Melanie Notkin weighs in with Today’s Professionals, the first to be asked to call into the show.
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Sex in the City in real life? Professional working woman climbing the corporate ladder? Married women entrepreneurs holding their own? Yes to all.
Savvy Auntie is featured in this New York Times Sunday Styles article: Let’s Hear it for Aunthood
(No longer available. Please see Reel for excerpts)
MYFOXNY.COM - There is a fast growing segment of the American population turning to a new book.
The term PANK --or Professional Aunt No Kids-- is the subject of 'Savvy Auntie: The Ultimate Guide for Cool Aunts, Great Aunts, Godmothers and All Women Who Love Kids.'
The author, Melanie Notkin, visited the set of Good Day New York on Friday to share helpful anecdotes found in the popular book.
The third annual Auntie's Day is Sunday. Notkin founded the holiday three years ago.
Just in time for Auntie’s Day this Sunday, July 24, Melanie Notkin caused a stir online with her essay, “The Truth About Childless Women,” a missive on how her “infertility is circumstantial but [her] life is not barren.” iVillage caught up with the entrepreneur and author of Savvy Auntie: The Ultimate Guide for Cool Aunts, Great Aunts, Godmothers, and All Women Who Love Kids, on Twitter to chat about her reaction to the strong reactions to her piece, what it means to be a Savvy Auntie, her best tips for aunts and aunts-to-be, and more. Check out the transcript below, and join the 50,000-strong “auntorage” at SavvyAuntie.com. You can also read an excerpt of Notkin’s book here.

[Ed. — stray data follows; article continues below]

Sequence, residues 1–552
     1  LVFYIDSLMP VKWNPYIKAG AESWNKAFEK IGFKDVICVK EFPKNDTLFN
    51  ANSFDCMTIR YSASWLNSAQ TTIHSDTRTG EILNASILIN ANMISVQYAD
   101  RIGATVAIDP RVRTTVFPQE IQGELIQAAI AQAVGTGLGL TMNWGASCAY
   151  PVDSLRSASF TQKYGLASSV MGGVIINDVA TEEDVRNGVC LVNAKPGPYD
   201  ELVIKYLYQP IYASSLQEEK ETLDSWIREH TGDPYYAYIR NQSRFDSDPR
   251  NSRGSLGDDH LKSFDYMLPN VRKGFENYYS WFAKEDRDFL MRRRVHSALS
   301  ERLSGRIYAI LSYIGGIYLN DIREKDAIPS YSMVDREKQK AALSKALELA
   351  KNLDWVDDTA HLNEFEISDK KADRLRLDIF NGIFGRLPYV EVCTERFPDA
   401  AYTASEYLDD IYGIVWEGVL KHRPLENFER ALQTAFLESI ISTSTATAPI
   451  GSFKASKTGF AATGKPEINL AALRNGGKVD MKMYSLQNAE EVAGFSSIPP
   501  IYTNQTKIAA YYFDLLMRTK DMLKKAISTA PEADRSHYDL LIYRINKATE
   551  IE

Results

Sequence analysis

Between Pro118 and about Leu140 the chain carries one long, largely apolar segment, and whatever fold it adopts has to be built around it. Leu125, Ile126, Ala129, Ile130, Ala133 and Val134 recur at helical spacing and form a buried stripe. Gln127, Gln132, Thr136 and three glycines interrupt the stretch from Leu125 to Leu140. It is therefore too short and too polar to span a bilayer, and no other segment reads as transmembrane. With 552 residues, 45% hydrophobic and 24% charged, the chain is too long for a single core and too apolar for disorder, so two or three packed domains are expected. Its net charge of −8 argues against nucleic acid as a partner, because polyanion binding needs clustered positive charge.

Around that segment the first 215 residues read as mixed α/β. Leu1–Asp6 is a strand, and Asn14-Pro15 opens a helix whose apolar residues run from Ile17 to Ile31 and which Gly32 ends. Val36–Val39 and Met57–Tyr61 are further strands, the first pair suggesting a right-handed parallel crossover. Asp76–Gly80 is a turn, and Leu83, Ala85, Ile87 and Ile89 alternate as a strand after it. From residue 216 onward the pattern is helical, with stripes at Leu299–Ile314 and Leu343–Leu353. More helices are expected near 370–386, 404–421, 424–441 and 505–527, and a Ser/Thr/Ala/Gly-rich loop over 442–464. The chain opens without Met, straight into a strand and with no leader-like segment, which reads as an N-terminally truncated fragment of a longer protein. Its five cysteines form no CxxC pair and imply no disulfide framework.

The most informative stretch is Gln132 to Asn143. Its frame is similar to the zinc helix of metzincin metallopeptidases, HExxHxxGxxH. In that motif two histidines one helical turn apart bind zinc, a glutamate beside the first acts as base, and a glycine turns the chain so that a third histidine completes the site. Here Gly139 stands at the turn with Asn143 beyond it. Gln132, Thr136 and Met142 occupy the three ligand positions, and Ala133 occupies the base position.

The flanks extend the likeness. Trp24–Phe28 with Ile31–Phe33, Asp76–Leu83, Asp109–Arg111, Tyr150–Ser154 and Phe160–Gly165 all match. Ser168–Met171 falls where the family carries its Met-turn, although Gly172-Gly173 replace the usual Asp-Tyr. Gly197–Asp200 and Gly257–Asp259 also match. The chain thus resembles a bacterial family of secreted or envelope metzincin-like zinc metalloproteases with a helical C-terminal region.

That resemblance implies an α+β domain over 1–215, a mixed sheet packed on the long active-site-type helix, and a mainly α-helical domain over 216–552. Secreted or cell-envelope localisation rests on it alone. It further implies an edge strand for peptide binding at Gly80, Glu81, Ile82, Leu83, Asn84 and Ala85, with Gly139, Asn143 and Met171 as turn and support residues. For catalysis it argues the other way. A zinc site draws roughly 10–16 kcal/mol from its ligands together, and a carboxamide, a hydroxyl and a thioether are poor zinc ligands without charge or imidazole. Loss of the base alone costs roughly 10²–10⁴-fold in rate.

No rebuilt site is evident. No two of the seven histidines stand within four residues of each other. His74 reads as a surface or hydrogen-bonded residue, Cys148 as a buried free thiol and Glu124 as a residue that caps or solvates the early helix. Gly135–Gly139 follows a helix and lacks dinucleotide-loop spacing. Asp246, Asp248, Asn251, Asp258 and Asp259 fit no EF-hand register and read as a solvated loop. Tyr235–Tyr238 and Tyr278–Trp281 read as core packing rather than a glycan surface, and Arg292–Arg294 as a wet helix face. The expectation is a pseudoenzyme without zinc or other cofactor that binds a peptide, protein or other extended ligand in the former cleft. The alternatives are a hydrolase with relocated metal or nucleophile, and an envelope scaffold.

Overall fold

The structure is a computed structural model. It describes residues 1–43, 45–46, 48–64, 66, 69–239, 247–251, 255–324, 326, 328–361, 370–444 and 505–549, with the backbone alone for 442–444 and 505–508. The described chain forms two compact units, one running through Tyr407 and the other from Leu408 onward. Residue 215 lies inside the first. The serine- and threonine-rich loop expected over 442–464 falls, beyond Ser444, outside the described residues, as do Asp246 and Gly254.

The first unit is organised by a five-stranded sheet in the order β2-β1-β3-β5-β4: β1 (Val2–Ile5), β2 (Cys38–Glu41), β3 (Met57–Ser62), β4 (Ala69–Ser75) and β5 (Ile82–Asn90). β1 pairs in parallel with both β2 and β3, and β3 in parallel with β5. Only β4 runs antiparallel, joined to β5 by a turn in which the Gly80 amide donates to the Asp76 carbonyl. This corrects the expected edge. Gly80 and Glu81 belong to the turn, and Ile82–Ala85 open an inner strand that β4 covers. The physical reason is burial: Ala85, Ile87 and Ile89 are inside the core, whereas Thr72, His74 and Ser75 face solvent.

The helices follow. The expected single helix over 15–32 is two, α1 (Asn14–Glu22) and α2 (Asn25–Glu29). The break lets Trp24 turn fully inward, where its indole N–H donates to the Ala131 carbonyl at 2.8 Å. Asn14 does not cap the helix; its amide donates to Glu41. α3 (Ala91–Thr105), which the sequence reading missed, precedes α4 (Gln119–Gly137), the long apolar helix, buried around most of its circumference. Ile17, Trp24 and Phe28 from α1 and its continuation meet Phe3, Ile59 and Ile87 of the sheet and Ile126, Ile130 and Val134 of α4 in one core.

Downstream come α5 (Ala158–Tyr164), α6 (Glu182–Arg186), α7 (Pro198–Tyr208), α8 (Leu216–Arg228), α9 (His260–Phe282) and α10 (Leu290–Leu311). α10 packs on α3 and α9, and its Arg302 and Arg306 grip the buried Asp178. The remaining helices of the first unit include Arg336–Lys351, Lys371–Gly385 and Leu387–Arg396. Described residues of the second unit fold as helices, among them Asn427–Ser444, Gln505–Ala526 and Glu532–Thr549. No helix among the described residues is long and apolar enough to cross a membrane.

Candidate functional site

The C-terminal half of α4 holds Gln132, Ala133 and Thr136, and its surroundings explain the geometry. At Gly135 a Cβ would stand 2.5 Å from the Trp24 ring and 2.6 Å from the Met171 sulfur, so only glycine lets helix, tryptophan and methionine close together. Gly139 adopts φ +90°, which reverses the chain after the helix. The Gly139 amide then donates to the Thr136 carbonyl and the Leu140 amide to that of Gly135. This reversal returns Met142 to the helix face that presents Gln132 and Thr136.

When NBC’s Parks and Recreation star Amy Poehler accepted her Time 100 award last spring, she said: “I would like to take a moment to thank those people… who love your children as much as you do, and who inspire them and influence them and on behalf of every sister and mother and person who stands in your kitchen and helps you love your child, I say thank you and I celebrate you tonight.” It was the first time I had heard a public figure mom honor, acknowledge and celebrate the aunts (among others) in her children’s lives. Hopefully, it’s not the last.
According to the 2010 U.S. Census Report, “Fertility of American Women,” almost 46% of women between the ages of 15 and 44 do not have children, up from 35 percent in 1976….
This piece I wrote for The Huffington Post went viral… even landing me on CNN American Morning soon after….